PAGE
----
The upside is that there is a HUGE opportunity for the manufacturing business and its executives who are willing to change this culture of ‘no respect’ for marketing as a discipline and the professional marketers behind the discipline.  Marketing leaders and professionals are ready, willing and able to step up to the demand for growth.  Professional marketers know how to drive engagement, fill the top of the funnel, create TOMA (top of mind awareness) and, most importantly, deliver business.  Most manufacturing leaders embrace innovation and creativity as a cornerstone of their business.   Well it’s time to put up or shut up when it comes to innovation and marketing.  There is no more innovative and creative group of people than the modern marketer.  There is not a more exciting opportunity to innovate than embracing, respecting and creating a revenue driving marketing team.  Yes, I am a professional marketer and I’m proud of my profession.  As marketers, we have the technology, tools and the knowledge to contribute at the leadership table.  We, the professional marketers, are ready to earn the respect of the manufacturing organization.

10 FAQs About Webinars for Manufacturing


Let’s say, for the purpose of this post, that you are an executive at a manufacturing company.  You’re CAGR (combined annual growth rate) is about 3% over the last 5 years because of global competition and overall low GDP growth rates in the macro economy where you operate.  You’ve been tearing your hair out trying to figure out how to get back to those heady days of double digit growth.  You’ve tried pushing your sales team to do more, but realized they are doing as much as they can.  You’ve pushed your business development managers to innovate and be more creative in their product road maps, but they just can’t come up with anything really unique that resonates with your target audience.  You’ve tried acquisitions, but they just never really work out as expected in spite of those glorious hockey stick graphs.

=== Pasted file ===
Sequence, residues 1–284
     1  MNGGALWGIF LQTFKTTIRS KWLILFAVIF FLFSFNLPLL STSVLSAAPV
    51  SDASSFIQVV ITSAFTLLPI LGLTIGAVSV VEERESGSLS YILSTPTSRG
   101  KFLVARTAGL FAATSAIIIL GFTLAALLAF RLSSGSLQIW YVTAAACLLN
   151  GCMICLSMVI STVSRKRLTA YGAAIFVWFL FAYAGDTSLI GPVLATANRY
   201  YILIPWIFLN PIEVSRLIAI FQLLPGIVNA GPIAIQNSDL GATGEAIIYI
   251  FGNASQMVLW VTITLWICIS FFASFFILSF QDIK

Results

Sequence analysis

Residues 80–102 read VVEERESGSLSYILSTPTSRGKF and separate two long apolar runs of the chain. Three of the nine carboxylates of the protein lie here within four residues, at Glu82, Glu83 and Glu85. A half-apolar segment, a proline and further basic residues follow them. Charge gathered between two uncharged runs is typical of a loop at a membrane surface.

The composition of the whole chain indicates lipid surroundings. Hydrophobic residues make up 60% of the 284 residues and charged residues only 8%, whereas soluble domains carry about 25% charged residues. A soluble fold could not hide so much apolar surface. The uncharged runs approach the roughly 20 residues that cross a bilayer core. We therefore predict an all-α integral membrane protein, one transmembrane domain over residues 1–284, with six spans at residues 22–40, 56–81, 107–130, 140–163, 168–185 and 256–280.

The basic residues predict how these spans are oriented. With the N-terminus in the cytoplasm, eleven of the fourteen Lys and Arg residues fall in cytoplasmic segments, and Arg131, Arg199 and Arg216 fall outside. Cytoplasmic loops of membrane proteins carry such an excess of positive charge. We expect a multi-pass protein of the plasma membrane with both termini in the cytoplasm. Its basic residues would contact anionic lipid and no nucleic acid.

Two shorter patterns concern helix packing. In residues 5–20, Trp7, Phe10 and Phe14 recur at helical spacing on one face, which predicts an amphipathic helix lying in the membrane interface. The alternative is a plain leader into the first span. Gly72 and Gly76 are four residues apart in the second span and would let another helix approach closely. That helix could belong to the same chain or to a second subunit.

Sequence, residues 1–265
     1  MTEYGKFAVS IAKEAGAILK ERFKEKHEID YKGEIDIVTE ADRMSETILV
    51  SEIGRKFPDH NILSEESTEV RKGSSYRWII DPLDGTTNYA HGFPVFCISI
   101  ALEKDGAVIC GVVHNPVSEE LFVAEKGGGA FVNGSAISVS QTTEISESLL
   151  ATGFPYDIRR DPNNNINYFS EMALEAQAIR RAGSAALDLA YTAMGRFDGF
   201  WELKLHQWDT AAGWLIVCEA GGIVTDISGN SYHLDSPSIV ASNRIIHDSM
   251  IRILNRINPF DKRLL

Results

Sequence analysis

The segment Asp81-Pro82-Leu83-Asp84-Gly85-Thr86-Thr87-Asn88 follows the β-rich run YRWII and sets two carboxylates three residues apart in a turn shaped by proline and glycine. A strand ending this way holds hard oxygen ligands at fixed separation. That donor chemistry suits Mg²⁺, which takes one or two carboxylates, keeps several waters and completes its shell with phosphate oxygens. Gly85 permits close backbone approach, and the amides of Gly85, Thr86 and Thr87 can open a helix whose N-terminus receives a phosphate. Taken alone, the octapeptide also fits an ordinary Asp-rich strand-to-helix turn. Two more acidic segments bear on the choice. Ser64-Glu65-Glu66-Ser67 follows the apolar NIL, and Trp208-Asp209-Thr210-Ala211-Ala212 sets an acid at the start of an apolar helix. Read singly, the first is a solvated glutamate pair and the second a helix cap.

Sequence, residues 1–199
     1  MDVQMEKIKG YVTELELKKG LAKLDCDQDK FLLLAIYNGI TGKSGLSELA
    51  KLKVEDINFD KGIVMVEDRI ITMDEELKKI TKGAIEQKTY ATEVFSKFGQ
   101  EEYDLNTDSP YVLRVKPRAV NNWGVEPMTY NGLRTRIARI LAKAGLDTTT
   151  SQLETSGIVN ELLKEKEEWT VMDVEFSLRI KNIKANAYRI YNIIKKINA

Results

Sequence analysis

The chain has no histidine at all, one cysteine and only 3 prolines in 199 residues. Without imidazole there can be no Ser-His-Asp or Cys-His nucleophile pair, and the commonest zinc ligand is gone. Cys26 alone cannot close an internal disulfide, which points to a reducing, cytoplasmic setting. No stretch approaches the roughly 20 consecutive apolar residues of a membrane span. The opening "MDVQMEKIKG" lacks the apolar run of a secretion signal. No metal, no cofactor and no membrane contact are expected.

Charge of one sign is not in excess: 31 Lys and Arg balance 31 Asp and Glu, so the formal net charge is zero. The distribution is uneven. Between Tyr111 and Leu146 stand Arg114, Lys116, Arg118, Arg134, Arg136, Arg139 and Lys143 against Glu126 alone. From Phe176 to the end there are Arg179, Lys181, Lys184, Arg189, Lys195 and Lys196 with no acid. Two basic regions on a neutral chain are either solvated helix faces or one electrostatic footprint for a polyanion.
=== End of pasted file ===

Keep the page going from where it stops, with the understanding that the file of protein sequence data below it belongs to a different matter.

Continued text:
There’s one place you probably haven’t looked.  It’s a hidden gold mine and it’s buried within your own company walls.  This hidden mine of growth inducing gold is easy to find and easy to access as long as you have an open mind and are willing to think outside your proverbial manufacturing company box.  The gold mine is your marketing department!

It’s not an easy thing to get your mind around, the fact that your marketing function could be a huge source of revenue producing activity.  Typically, in a manufacturing environment, the marketing team is merely an expense item or, even worse, a black hole where you dump money and never know what you get back.  Manufacturing is just the folks down the hall who come up with those clever ads, set up the trade shows for the sales team and maintain the web site.  Right?

I can tell you, with certainty, that the manufacturing companies that can embrace and support marketing as a revenue generating function will kill it in their competitive space!  And webinars are a great place to start mining the gold and making the conversion.

How does this tie in to a post titled 10 Frequently Asked Questions About Webinars for Manufacturing?  You’re going to get push back on the idea of marketing as a revenue generator.  You will likely need to prove your talk with some type of a pilot test program.  Educational webinars are a great way to uncover the gold mine and prove your hypothesis that marketing will be the next big growth engine for your company.

Here are the 10 FAQs about webinars as a gold mining marketing tactic:

Q.  Why should I care about webinars?